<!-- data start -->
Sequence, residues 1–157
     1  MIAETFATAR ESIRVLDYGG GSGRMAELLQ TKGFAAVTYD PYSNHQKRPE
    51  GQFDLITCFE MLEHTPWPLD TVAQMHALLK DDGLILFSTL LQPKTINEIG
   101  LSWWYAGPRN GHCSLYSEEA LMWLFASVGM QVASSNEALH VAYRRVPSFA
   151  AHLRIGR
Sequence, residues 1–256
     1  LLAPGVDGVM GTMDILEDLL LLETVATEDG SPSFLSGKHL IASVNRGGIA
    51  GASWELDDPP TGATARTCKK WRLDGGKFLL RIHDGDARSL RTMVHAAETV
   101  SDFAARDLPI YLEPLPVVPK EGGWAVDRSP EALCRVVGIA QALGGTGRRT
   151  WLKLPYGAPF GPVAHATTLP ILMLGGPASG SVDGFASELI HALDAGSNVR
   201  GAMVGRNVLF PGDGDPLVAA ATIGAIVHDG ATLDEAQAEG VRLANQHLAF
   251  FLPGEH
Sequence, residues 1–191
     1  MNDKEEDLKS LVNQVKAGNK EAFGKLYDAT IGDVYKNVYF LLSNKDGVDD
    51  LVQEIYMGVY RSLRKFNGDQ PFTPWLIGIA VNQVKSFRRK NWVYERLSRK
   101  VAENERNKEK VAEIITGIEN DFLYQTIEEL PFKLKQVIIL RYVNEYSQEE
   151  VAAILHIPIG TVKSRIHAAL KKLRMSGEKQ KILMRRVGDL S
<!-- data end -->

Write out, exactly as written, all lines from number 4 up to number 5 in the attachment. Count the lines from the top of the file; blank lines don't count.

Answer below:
   101  LSWWYAGPRN GHCSLYSEEA LMWLFASVGM QVASSNEALH VAYRRVPSFA
   151  AHLRIGR